Besides an Olympian and two Orthodox patriarchs, Kallimasia on the island of Chios also boasts a small treasure in the basement of its middle school.
Around 20 years ago, the village school’s principal at the time, Yiannis Kolliaros, started collecting objects that no longer had practical use – like old tools, documents, furniture, machines, utensils, ceramics – but are part of the area’s history. This collection led to the Kallimasia Folk Museum, dedicated to the traditional occupations of Chios from the Middle Ages to the mid-20th century.
“I wrote the names of the donors on the first lot of objects I amassed. Once people started seeing the names written down, they came forth with more stuff and within two years, I had around 2,000 objects,” says Kolliaros. “Now we have some 6,000 objects related to 30-40 traditional occupations. It is the largest collection of folk history in Greece,” he adds.
Determined to create a true representation of a typical Chios village, Kolliaros and a team of volunteers secured funding from public and private sources and got to work. “We built rooms with arches in the traditional manner. First, the olive press and the ouzo distillery, then the cobbler’s worskshop, the tailor’s and the smith’s.”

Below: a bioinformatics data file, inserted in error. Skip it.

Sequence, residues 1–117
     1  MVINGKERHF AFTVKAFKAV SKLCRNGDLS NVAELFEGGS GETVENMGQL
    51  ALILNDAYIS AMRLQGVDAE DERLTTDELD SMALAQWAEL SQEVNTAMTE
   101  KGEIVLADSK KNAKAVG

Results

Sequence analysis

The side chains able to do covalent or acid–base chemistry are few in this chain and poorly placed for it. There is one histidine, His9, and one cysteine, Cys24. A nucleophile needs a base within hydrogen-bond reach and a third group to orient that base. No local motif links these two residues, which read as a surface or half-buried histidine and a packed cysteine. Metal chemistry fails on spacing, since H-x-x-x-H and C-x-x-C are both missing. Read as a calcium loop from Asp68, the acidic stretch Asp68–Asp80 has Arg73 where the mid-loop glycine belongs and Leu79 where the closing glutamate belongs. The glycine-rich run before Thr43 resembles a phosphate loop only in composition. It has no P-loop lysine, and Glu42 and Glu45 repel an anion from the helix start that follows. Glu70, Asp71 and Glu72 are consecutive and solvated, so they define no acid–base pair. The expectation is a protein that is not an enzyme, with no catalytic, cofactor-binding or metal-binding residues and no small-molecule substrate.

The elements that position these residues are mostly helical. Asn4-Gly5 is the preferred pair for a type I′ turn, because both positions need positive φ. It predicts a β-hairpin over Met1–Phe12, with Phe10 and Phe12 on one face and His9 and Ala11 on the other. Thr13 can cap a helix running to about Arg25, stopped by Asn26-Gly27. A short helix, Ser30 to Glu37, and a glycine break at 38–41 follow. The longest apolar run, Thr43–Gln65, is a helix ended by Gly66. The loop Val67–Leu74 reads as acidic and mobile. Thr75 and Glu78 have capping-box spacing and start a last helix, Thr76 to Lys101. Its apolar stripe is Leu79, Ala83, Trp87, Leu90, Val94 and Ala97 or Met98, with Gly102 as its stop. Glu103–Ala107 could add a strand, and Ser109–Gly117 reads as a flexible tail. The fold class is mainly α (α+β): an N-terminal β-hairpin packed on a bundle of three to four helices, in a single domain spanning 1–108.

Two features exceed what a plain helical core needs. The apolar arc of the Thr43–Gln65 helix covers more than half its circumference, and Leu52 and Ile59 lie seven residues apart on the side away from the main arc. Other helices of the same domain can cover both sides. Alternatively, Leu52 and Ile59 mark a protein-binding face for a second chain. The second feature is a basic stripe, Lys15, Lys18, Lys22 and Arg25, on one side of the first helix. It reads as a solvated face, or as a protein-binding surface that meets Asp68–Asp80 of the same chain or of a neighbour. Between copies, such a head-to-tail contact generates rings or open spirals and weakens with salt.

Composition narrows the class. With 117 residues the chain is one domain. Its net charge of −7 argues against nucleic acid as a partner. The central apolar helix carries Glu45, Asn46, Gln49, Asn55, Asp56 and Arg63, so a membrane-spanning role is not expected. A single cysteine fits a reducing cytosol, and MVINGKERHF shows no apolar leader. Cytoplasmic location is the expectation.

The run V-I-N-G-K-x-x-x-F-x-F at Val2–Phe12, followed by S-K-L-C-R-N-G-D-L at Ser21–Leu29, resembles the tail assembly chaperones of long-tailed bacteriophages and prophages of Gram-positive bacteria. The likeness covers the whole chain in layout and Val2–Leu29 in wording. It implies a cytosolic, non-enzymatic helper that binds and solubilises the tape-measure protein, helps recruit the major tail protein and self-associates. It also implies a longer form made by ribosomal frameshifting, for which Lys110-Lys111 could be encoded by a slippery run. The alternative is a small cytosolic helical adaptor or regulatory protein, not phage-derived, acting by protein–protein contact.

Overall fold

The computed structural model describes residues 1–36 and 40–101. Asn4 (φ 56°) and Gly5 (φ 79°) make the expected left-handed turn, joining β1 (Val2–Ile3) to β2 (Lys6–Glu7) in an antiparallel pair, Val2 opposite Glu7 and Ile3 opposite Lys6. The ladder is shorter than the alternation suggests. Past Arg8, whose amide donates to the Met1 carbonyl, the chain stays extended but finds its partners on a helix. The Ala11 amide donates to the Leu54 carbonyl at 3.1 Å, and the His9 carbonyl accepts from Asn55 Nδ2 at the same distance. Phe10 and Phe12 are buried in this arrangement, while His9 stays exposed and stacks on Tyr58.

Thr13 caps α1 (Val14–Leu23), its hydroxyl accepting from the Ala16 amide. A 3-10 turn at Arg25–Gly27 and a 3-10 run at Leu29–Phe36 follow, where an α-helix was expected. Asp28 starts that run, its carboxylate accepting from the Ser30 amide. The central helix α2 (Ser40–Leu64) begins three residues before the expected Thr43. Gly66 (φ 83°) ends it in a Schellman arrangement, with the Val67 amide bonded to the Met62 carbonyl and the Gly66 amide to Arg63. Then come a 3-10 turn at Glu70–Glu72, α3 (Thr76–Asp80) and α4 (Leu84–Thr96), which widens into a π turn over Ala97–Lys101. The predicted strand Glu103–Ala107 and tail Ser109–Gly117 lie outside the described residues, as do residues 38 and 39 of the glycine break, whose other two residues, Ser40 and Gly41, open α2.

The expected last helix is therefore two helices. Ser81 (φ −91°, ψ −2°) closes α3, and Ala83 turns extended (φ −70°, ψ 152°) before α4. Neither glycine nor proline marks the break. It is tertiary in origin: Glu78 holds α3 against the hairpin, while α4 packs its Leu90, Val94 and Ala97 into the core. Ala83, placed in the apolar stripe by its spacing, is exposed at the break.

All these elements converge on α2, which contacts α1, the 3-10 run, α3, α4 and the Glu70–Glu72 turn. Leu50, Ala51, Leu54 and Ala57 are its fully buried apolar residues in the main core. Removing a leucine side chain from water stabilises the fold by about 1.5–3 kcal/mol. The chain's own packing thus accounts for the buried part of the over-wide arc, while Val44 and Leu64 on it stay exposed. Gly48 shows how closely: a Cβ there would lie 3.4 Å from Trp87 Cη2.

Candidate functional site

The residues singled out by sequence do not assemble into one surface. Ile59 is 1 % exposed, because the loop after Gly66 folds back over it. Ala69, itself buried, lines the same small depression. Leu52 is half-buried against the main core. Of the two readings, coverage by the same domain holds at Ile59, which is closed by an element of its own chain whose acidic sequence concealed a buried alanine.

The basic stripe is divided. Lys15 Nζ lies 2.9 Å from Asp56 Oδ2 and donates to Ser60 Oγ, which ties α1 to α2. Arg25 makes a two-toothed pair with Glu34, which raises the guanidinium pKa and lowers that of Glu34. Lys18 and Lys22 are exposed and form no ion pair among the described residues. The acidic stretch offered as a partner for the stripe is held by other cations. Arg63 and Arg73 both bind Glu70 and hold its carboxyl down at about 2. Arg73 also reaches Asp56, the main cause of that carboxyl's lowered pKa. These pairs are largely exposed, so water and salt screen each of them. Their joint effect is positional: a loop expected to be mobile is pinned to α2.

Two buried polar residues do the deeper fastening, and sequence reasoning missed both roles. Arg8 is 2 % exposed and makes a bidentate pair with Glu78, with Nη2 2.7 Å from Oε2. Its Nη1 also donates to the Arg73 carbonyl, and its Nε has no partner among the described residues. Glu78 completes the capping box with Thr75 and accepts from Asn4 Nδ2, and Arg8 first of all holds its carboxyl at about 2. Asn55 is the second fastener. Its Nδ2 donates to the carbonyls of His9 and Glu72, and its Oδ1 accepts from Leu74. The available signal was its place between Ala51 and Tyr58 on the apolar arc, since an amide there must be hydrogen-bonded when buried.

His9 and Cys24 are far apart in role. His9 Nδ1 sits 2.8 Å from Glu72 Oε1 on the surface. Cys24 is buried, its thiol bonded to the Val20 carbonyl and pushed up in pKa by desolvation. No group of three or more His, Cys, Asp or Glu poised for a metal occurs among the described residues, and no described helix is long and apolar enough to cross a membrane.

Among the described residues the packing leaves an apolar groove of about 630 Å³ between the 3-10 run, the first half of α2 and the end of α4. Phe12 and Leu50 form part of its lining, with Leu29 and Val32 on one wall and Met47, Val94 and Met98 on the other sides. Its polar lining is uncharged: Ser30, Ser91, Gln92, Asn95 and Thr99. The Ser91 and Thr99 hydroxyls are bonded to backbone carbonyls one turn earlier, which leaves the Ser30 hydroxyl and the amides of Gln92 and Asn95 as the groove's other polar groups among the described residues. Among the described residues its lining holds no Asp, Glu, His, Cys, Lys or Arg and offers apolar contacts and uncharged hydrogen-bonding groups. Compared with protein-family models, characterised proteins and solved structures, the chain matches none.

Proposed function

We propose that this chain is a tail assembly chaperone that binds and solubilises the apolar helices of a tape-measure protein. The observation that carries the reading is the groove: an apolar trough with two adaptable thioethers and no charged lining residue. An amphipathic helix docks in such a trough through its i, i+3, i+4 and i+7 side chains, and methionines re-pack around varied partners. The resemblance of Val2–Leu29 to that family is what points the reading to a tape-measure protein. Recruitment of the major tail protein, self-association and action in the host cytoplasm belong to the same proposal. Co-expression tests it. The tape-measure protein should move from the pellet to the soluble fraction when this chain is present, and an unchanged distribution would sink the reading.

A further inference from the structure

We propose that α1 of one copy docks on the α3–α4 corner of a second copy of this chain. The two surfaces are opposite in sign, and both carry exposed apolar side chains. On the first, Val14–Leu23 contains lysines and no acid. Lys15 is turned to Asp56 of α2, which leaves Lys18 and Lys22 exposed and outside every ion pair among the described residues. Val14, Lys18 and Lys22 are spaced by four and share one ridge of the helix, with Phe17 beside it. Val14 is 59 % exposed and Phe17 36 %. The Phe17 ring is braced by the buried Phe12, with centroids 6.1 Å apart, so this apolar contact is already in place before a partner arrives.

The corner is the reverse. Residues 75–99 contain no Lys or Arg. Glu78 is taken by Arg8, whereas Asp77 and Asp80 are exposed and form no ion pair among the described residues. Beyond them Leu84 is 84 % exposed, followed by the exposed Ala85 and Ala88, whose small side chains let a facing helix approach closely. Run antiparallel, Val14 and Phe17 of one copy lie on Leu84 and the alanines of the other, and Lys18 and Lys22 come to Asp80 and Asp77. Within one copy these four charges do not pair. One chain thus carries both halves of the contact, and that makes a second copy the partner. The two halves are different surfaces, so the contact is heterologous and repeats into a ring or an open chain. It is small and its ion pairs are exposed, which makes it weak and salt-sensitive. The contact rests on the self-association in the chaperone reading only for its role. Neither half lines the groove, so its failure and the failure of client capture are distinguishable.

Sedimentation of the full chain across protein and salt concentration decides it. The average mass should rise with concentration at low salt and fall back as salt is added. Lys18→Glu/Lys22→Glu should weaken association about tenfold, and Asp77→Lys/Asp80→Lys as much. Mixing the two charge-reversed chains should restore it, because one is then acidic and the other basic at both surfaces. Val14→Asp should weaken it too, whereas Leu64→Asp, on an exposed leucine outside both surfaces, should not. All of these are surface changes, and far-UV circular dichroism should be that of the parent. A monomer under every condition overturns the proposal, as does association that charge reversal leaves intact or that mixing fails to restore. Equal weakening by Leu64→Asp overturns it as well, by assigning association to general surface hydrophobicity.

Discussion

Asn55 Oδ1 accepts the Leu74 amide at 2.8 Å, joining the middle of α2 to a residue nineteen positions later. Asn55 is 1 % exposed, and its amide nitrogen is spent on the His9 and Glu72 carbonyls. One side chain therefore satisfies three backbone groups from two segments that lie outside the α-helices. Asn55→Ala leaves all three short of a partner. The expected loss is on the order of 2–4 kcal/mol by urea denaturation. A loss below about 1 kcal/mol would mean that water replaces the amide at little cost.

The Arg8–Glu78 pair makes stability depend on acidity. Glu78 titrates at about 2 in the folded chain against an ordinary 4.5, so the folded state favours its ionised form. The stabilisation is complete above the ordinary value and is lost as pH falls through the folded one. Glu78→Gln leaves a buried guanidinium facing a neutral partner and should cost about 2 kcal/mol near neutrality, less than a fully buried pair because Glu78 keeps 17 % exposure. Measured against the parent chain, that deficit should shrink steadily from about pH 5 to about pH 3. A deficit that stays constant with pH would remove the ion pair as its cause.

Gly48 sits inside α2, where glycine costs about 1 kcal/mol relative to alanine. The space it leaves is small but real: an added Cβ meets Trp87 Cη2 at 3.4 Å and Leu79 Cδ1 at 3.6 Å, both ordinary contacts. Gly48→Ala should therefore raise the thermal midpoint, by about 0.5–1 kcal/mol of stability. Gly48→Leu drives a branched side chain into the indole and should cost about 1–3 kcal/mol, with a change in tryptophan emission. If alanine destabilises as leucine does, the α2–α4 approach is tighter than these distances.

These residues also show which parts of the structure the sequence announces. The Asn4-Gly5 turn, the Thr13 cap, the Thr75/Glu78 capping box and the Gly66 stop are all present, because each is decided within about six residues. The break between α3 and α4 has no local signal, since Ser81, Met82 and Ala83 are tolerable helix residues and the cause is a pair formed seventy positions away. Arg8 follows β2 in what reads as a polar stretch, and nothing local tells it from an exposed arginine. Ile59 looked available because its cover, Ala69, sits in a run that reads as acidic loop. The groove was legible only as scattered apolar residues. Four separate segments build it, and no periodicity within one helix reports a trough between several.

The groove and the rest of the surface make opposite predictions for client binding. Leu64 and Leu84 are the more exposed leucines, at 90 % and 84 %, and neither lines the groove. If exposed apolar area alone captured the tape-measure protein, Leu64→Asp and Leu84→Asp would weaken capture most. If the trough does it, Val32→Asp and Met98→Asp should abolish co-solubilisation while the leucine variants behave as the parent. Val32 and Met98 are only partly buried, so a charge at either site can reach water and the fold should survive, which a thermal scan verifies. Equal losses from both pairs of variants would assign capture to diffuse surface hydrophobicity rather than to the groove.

Kolliaros is also responsible for assembling and managing the displays. Unable to reject donations even if he already has them, surplus objects have ended up in smaller museums on the island or in an old house he owns.
The Kallimasia Folk Museum is now owned by the municipal authority, which pays the salaries of two employees who run it every afternoon except Sundays, and operation costs are covered generous donations from locals. “That people love this museum is very important,” says Kolliaros.
In the winter, visitors are mostly limited to school groups, but the summer is a different story. “People come from all over the world. We’ve already filled three entire guest books! Admission is free because I believe culture shouldn’t have a price,” he adds.
The municipality intends to move the museum to a larger, more suitable space, as the 550 square meter school basement is simply too small.
Plans to create an open-air mock village on a plot just outside the village, moreover, have stalled for lack of funds, but Kolliaros has no intention of abandoning the project.
Kolliaros’s interests are not limited to folk history either, as he is responsible for another museum in the village dedicated to the area’s flora and fauna.